48 Waterfalls

Hiroshi-san wanted us to taste as much of the local cuisine as possible so on our last full day at his house he took us to eat lunch at one of his favorite restaurants. The entre was a fish called Ayu, but I prefer his name - "Queen of the River".

The fish is caught right outside the restaurant in this trap. Another way to catch the fish makes use of the fish's territorial instincts. One ayu is placed on a hook and manuvered near another ayu which then attacks it, hooking itself in the process.

The restaurant itself was a large room with a tatami mat covered floor. There were two rows of low tables with cushions. Sitting on the floor to eat is becoming more and more of a challenge, but we removed our shoes and did our best to fit into a Japanese-sized space. Unfortunately, we didn't take a picture of our meal, but it arrived looking something like this accompanied by miso soup, rice, pickles, and tea.

We had 2 fish prepared different ways, and, as Hiroshi-san had promised, they were both absolutely delicious.

These pictures were taken from the lanai outside the restaurant.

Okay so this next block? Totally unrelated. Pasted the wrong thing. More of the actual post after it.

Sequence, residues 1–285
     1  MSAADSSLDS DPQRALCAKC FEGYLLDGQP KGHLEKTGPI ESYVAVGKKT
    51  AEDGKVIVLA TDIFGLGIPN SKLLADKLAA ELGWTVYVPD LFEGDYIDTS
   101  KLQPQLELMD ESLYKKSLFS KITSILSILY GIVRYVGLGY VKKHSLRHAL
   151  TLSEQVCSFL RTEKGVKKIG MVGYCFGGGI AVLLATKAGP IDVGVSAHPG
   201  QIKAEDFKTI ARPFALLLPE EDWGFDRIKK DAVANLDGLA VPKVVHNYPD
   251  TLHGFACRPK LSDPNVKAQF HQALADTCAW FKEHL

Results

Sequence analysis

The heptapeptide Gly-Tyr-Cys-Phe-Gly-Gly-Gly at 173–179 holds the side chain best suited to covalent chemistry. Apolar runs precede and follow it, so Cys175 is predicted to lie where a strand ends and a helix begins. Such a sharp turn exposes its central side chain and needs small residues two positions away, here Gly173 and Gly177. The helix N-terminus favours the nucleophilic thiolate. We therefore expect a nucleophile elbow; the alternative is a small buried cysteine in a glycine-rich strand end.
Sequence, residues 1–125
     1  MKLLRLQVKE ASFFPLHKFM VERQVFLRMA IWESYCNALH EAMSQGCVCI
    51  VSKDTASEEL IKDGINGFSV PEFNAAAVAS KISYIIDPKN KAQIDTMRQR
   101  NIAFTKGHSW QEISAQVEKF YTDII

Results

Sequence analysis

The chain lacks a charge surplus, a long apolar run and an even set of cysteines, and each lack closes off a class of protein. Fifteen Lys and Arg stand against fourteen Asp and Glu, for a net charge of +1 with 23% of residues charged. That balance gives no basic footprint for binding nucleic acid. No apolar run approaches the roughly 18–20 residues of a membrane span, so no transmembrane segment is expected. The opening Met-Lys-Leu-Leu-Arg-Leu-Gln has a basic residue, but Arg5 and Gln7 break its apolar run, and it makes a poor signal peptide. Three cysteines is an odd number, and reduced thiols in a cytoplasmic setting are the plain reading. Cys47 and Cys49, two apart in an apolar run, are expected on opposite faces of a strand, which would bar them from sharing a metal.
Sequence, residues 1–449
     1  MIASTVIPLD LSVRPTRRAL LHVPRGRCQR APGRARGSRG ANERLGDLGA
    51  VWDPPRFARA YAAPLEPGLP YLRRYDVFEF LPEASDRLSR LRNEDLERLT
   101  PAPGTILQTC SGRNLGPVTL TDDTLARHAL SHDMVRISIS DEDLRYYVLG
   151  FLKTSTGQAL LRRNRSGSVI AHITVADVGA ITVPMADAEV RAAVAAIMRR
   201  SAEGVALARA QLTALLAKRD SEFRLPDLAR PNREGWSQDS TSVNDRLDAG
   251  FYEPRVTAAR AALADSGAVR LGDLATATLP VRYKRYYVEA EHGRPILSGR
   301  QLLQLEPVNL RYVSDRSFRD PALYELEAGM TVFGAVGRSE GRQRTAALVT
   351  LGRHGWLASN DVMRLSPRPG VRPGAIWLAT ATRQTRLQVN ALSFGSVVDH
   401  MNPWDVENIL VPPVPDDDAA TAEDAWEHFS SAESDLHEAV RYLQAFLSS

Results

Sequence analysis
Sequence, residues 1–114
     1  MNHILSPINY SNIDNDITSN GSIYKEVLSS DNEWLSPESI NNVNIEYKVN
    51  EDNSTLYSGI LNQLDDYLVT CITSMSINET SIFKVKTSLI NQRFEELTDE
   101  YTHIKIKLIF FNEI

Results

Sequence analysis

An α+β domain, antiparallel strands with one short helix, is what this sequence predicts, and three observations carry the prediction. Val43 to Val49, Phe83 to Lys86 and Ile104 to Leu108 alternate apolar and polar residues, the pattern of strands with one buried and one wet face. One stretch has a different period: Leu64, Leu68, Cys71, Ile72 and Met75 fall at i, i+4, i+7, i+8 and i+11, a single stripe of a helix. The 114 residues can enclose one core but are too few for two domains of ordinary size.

After lunch we drove to a park near Hiroshi-san's house called 48 Waterfalls where we admired the view of the snow-covered mountain peaks in the distance.

After a brief rest, Walt and I returned to the park for a hike up the mountain beside the waterfalls. The path climbs beside the cascading stream. It is paved in some places, but in other places it is not. In some spots, steps are cut into the rock, and occasionally there is a flight of metal stairs. It was a perfect autumn day, and people of all ages were making their way up the trail. At one point a man stopped us and showed us some sketches he had made.

I think we made it almost to the top of the trail. The sun was sinking low in the sky so we decided it would be best to begin our descent and return to the house for our last evening with Hiroshi-san and Iku-san.